As the World Health Organization’s constitution asserts, ensuring the highest attainable standard of health is a “fundamental right of every human being.” That right, however, becomes even more difficult to attain if the right infrastructure isn’t there.

The Hershey Co., in partnership with cocoa suppliers Blommer Chocolate and Olam Cocoa, looks to do its part for cocoa farmers in Cote d’Ivoire. The trio has funded and built a community health center in the town of Teapleau, which is on the country’s western side. The recently opened health center is part of the Hershey Learn to Grow training and cocoa sustainability program that seeks to improve the lives of cocoa farmers and communities in West Africa.

The new health center now provides basic health services, such as: maternity facilities; lab testing for AIDS and malaria; and vaccinations for polio, tetanus and measles to 1,700 households and 13,000 people across three area communities. Without the center, families in this cocoa farming community would have to either forego treatment or travel long distances for care.

“Our programs go beyond helping farmers learn how to grow quality, sustainable cocoa,” says Terry O’Day, senior v.p. and chief supply chain officer. “We work with our partners to improve the wellbeing of all families through education and development projects that benefit everyone in the community.”

As Kip Walk, Blommer Chocolate Co.’s corporate director of sustainability, explains, “In addition to the support of the individual farm, providing the opportunities necessary to help build thriving communities is critical to the long-term success of the farming sector. We share Hershey’s vision of benefiting thousands of lives.”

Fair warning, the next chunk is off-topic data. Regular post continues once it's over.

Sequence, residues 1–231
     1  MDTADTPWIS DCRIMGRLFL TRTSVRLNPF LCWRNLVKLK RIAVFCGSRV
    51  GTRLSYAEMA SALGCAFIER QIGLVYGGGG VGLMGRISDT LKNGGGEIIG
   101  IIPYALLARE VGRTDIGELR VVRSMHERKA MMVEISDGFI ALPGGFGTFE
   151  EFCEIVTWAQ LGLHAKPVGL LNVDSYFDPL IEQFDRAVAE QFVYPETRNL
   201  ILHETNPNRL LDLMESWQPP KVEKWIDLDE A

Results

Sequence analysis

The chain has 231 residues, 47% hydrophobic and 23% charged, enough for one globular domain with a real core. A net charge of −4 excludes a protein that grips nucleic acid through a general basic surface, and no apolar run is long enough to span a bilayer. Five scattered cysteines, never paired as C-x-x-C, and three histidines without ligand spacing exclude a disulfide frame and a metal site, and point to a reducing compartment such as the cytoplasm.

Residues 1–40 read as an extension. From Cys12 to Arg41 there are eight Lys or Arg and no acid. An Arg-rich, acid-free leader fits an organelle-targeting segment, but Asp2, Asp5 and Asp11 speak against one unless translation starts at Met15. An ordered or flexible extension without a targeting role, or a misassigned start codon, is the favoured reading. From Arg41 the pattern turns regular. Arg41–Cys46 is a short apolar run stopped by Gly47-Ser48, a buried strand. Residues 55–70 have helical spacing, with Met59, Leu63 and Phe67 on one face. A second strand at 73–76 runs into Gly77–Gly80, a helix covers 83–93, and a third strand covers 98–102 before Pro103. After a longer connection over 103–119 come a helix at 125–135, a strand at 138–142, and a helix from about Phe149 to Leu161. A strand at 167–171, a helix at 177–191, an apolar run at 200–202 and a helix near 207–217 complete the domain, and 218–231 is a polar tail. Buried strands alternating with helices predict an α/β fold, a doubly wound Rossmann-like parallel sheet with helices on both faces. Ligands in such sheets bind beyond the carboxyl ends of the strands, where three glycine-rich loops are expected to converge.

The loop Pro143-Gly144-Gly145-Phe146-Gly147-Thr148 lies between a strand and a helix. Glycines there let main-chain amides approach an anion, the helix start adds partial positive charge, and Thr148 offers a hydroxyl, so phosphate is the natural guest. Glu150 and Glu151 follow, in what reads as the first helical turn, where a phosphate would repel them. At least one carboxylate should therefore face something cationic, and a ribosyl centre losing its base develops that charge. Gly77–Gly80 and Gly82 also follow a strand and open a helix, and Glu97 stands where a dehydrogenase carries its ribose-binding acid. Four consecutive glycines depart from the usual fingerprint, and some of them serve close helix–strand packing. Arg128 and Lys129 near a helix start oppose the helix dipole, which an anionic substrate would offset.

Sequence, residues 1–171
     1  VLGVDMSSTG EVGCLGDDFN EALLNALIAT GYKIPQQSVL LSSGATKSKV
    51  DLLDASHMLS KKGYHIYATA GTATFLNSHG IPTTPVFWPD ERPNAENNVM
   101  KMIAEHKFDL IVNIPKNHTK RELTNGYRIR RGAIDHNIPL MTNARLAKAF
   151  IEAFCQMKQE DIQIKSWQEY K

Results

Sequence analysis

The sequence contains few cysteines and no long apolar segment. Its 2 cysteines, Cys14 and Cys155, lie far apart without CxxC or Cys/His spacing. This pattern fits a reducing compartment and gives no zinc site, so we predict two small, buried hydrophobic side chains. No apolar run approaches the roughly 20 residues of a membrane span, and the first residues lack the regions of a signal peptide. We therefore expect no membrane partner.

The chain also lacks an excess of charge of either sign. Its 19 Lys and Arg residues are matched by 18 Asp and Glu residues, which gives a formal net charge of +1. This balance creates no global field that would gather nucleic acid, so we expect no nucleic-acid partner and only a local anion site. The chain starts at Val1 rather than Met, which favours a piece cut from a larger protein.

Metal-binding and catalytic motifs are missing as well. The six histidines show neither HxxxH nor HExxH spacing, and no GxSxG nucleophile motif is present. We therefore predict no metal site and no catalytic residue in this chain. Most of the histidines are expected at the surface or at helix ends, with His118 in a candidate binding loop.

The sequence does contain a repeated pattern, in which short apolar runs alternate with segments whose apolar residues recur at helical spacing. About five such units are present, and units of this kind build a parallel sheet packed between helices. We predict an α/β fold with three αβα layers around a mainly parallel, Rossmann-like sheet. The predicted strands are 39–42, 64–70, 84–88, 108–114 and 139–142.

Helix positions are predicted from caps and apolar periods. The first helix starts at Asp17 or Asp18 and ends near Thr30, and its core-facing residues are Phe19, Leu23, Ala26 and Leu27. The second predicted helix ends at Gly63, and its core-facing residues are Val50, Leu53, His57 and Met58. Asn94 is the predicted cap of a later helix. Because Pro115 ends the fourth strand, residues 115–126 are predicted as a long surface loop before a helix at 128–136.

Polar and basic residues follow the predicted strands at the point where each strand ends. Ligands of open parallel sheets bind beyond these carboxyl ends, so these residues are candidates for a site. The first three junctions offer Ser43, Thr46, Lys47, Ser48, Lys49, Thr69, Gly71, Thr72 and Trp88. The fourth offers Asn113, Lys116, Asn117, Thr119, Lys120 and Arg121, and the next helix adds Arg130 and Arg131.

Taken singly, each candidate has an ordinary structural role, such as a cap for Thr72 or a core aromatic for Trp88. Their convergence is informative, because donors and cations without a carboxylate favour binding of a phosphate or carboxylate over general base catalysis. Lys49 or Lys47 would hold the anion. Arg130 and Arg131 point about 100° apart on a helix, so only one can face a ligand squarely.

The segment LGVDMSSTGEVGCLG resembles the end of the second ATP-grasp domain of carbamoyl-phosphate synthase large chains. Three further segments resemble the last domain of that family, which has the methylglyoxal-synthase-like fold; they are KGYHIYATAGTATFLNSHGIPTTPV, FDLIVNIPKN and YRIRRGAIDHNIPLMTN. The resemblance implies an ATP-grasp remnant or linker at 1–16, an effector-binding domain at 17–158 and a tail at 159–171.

Cocoa farmers around the town of Teapleau are part of the CARET Cocoa Cooperative and have been part of the Hershey Learn to Grow program for two years. In partnership with the local community and CARET Cooperative, Hershey, Blommer and Olam Cocoa built the health center based on the community needs as determined by the community members. "We're all very happy about this facility. We're very thankful," says local cocoa farmer Jean François Yomi.

The health center project was coordinated with the Ivorian government and the government will manage the staffing and long-term management of the facility.

In December, Hershey representatives placed the corner stone of a second health center scheduled for construction in 2016. This second center will be located outside the city of Man in the village of Siambly. This facility is expected to provide access to health services to 3,000 families or nearly 24,000 people in six communities.

Hershey Achieves 2015 Certified and Sustainable Cocoa Goal, Sets New Target for 2017

Separately, Hershey confirmed that it had achieved its goal to source 50 percent of its global cocoa supply from certified and sustainable sources by the end of 2015, a full year ahead of its original schedule. Given this accelerated progress, the company has set a new target of sourcing 75 percent of its global cocoa supply from certified and sustainable sources by the end of 2017. Hershey has committed to source 100 percent certified and sustainable cocoa by 2020.

Last year, Hershey announced that reaching this important responsible sourcing milestone would enable the company to source enough certified and sustainable cocoa in 2016 to surpass the amount of cocoa required, on a mass balance basis, for the global production of four of its most popular chocolate brands: Hershey’s, Kisses, Kit Kat (United States only) and Brookside. In addition, Hershey pledged that it will add the global Reese’s brand, the company’s largest brand, and others to these four brands in 2017.